The benefits of hybrid events
Updated: Jan 16
For only a handful of sectors is the crisis not a curse but a blessing. Just look at the makers of mouth masks, disinfectant gel and toilet paper. However, with the roll-out of the vaccine, it looks like these sectors will return to their status quo. Yet there is one sector whose explosive growth cannot be reversed just like that. Virtual events are here to stay.
Virtual events still often bring to mind the static and messy cases of old. Yet we have long passed those times. Today, virtual events have become real experiences in themselves. With beautiful 3D environments and a strong focus on usability, they were the perfect alternative to physical events during the many lockdowns of the past year. But is there a future for virtual fairs now that vaccination has begun? We asked Diego Dupont, founder of Fairtual Technologies, for his opinion.
Now that we are perhaps in the final stages of the crisis, it looks as if physical events will soon be allowed to start up again. Can organisers of virtual events compete with these giants?
Diego: Boxing up was never our intention. From the very beginning, before there was even a corona crisis, our aim has been to cooperate with the organisers of physical events. Both types of events have their advantages and disadvantages. Today, it is important to give visitors the choice of how they want to experience an event. In this way, the largest possible target group is reached.
However, there are organisers who describe virtual fairs and conferences as something temporary. It is compared, for example, to chicory versus coffee in times of war. Perfectly passable but not comparable with the original. What do you say to that?
Diego: Innovation is always something that scares. It is therefore easier to go on the attack for fear that the new will replace the old. Yet we are sober enough to realise that this will never be the case. There is enough space for both types of events. Some people prefer a physical experience. Others prefer to stay at home and visit the event from the comfort of their armchair. It is a matter of letting the visitors decide for themselves.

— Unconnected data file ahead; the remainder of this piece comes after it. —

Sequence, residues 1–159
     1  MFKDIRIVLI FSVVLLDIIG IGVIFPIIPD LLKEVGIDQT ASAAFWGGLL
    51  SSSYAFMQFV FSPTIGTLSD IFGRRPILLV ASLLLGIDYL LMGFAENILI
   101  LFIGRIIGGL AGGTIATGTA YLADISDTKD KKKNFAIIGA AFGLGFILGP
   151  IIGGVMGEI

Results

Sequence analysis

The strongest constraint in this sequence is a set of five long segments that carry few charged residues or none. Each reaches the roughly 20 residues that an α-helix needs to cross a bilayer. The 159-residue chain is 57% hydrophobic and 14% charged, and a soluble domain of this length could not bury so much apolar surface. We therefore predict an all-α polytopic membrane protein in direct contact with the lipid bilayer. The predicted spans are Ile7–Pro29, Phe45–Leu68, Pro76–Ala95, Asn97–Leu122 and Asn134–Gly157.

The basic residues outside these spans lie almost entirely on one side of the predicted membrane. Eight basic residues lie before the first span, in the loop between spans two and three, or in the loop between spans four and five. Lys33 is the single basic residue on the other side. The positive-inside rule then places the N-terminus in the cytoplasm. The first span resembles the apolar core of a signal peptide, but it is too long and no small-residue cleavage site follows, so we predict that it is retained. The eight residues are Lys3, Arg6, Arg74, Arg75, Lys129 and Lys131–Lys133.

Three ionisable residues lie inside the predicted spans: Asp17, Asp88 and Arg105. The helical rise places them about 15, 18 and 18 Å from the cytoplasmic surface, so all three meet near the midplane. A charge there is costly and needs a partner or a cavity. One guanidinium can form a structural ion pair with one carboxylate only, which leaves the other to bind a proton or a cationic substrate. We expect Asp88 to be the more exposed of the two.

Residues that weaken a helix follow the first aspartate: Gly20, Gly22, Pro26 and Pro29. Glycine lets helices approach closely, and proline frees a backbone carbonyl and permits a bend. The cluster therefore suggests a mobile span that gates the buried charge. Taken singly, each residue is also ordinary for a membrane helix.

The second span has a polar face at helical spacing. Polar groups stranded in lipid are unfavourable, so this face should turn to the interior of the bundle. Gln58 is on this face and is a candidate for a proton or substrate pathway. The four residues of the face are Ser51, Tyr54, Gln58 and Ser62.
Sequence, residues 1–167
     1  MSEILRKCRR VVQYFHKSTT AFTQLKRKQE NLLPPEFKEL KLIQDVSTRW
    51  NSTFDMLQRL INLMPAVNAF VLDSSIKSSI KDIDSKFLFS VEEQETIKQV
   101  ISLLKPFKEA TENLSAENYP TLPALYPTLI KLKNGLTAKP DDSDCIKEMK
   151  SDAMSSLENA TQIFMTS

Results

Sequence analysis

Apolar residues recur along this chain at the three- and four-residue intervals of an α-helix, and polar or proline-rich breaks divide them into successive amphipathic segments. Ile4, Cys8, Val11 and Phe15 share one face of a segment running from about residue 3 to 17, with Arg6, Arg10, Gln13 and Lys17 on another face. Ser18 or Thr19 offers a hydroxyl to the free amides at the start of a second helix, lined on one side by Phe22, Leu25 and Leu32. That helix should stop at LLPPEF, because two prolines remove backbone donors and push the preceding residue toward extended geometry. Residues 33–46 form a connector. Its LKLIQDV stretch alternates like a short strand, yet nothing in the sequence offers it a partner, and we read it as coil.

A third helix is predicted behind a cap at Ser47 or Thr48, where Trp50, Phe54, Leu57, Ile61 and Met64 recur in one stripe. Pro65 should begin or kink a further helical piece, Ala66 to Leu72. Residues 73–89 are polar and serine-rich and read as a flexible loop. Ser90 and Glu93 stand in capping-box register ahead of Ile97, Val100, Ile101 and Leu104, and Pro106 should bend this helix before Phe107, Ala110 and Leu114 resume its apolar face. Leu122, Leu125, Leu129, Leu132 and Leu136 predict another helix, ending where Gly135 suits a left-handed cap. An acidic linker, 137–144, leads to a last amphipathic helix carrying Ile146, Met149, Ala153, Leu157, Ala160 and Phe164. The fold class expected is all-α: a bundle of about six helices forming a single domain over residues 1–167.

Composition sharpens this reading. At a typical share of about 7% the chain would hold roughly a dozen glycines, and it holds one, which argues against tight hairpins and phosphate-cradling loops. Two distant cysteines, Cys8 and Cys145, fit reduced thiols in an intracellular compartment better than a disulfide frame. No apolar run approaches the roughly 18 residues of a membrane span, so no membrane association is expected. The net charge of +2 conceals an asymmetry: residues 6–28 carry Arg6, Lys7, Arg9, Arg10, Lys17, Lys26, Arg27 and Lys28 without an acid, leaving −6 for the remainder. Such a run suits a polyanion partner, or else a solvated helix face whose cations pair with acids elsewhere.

You think event organisers have nothing to fear from their virtual counterparts?
Diego: On the contrary. We see it as two sides of the same coin. By adopting a hybrid approach, events will emerge much stronger from this crisis. Times of crisis are also times for renewal and innovation. We offer this to them on a tray. It is up to the fair organisers to decide whether to accept this offer or not.
So do you see virtual events as just a supporting element?
Diego: Not that either. A virtual event can perfectly function on its own. Smaller events in particular benefit from this because the cost burden is immediately lowered. But in the past few months, we have also been able to set up many large events, such as Conway. Most of them, by the way, have already decided to hold a virtual event with us in 2021, regardless of the state of the crisis. That in itself says a lot.
You sound sure that virtual events will not just disappear. What makes you so sure? Michèle: The success of virtual fairs is undeniable. The visitors got a taste of how user-friendly and unique a virtual event can be. The luxury of being able to access a trade fair or conference from any location is something they will not give up easily. In addition, it is also an affordable service that event organisers can offer. There is no doubt about it. The future is Fairtual.